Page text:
Recently, there was a warning letter issued to a company (dated Sept 11, 2012) that was registered as a “specification developer” with the FDA. The inspection of the company was conducted by the FDA on June 7, 2012.
However, this article is not about the company and what they manufactured or what they distributed. This article is about what the FDA is expecting from a Specification Developer for complying with the QSR/cGMP which we can very clearly determine from reviewing this warning letter.
Take notice that if your company has no manufacturing activities on site and all you do is provide written specifications to a contract manufacturer who produces these medical devices for you, do not naively assume that QSR compliance is not your company’s concern and applies to the contract manufacturer only. The FDA regulations state that specification developers are subject to the GMP requirements for the activities they conduct. These could include but may not be limited to various design controls including correct transfer of the design information to a contract manufacturer, implementing adequate device master record, change control and maintaining a complaint file and processing complaints if the specification developer also distributed their devices.
We find the following points in the FDA warning letter as they relate to the FDA expectations for a specifications developer QSR compliance(these were taken directly from the FDA warning letter):
- Failure to establish and maintain procedures for implementing corrective and preventive action, as required by 21 CFR 820.100(a). For example, your firm does not have established corrective and preventive action procedures.
- Failure to establish and maintain procedures to ensure that all purchased or otherwise received product and services conform to specified requirements, as required by 21 CFR 820.50. For example, your firm does not have established purchasing control procedures.
- Failure to establish and maintain procedures for receiving, reviewing, and evaluating complaints by a formally designated unit, as required by 21 CFR 820.198(a). For example, your firm does not maintain a complaint file, nor are there any complaint handling procedures.
- Failure to ensure that management with executive responsibility establishes its policy and objectives for, and commitment to, quality; and failure to ensure that management with executive responsibility ensures that the quality policy is understood, implemented, and maintained at all levels of the organization, as required by 21 CFR 820.20(a). For example, your firm has no established quality policy or quality objectives.
- Failure to establish procedures for quality audits and conduct such audits to assure that the quality system is in compliance with the established quality system requirements and to determine the effectiveness of the quality system, as required by 21 CFR 820.22. For example, your firm does not have an established quality audit procedure, nor have there been any quality audits performed.
- Failure to maintain device master records (DMR) and ensure that each DMR is prepared and approved in accordance with 21 CFR 820.40, as required by 21 CFR 820.181. For example, device master records for the devices are not maintained.
- Failure to establish and maintain procedures to ensure that device history records for each batch, lot, or unit are maintained to demonstrate that the device is manufactured in accordance with the DMR and the requirements of this part, as required by 21 CFR 820.184. For example, device history records for the devices are not maintained.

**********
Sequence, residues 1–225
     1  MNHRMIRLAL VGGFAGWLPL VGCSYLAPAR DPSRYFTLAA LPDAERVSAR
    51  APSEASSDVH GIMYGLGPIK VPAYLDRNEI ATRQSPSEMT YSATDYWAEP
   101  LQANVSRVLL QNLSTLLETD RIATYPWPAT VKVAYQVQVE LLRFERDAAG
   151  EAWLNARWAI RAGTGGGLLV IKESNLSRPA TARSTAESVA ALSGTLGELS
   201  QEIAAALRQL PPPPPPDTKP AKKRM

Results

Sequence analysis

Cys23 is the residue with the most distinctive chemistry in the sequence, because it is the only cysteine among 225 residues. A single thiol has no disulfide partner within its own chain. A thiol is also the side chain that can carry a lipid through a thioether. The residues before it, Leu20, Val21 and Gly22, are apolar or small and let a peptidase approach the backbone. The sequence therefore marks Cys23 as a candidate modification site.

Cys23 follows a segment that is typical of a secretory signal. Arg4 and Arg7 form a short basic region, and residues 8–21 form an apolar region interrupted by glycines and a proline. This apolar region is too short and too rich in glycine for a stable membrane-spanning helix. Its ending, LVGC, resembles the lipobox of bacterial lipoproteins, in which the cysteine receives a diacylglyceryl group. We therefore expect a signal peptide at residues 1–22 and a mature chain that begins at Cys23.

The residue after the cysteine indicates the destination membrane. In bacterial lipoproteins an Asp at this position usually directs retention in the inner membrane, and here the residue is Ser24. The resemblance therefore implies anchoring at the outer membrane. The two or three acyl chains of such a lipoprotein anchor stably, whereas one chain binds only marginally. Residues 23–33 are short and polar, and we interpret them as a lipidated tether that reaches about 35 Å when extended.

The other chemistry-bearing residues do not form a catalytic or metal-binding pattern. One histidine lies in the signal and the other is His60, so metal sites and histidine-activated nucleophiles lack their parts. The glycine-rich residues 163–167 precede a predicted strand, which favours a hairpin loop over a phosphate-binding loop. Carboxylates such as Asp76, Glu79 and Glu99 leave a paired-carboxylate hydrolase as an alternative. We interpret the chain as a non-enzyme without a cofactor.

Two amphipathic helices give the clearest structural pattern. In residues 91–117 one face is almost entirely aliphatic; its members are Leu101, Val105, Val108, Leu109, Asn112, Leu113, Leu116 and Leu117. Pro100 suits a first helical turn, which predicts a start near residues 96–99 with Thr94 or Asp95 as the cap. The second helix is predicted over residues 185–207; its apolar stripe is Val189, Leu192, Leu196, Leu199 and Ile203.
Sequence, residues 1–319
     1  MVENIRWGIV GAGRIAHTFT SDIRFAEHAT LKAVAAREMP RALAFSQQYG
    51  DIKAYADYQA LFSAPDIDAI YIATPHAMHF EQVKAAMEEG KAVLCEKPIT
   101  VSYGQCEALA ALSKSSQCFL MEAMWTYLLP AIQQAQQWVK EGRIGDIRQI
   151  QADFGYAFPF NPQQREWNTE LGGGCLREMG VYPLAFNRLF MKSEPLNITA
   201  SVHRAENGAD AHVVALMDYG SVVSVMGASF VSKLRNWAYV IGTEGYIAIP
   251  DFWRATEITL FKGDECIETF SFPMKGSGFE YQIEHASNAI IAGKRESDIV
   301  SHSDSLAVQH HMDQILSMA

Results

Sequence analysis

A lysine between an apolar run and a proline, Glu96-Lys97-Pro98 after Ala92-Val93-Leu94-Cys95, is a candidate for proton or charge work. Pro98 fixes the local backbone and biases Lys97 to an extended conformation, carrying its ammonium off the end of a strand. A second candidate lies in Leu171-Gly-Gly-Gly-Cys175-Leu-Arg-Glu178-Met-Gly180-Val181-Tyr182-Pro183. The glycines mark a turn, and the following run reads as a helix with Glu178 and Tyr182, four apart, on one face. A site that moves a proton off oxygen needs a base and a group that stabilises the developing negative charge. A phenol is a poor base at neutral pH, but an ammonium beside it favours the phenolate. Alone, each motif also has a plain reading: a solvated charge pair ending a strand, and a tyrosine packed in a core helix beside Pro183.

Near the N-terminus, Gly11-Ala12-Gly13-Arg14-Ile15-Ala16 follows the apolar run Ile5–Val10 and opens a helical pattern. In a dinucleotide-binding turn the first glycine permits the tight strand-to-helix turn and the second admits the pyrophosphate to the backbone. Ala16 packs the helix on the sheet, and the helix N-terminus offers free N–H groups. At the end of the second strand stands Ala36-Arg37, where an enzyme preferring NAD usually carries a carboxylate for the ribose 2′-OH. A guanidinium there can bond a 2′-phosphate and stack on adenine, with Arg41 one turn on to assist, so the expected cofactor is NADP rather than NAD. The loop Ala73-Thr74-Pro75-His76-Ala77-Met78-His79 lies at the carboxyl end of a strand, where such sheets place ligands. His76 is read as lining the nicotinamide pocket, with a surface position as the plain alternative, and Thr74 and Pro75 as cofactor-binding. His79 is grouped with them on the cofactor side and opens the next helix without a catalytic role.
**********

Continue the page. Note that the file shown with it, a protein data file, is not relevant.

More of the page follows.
- Failure to maintain a quality system record that includes, or refers to the location of, procedures and the documentation of activities required by this part that are not specific to a particular type of device, including, but not limited to, the records required by 21 CFR 820.20, as required by 21 CFR 820.186. For example, a quality system record is not maintained.
As you can see, in this warning letter the FDA is expecting quite a bit of documentation and “documentation control” for a company that declares themselves as a specification developer.
The Warning Letter goes further to state:
We reviewed your firm’s response and conclude that it is not adequate. The response did not provide any specific plan or evidence of any corrections, corrective actions, and systemic corrective actions to address these observations. Your firm states that you manufacture nothing, but only distribute other manufacturers’ registered and cleared products. However, the inspection revealed that for your products you are the specification developer and therefore subject to the current good manufacturing practice requirements.
In this case the company held the 510(k) for the devices and had them contract manufactured by another company.
This warning letter example shows the FDA is taking a hard look at the specification developers in the same way they do with the manufacturers in requiring them to maintain compliant quality system to assure the devices they put into the marketplace meet specifications. We have also observed that if the specification developer does not control the contract manufacturer by conducting periodic audits and reviewing their quality documents, this could lead to additional regulatory actions. The FDA considers your contract manufacturer as a branch of your company. If a contractor is audited by the FDA and found to be in violation of QSR, the Agency could send a warning letter not just to your contract manufacturer but to you as well for not controlling the contractor.
?If you would like to discuss anything in the article or you are a specification developer and need more information on what is required by you to assure FDA compliance, please contact mdi at firstname.lastname@example.org and reference: Specification Developer.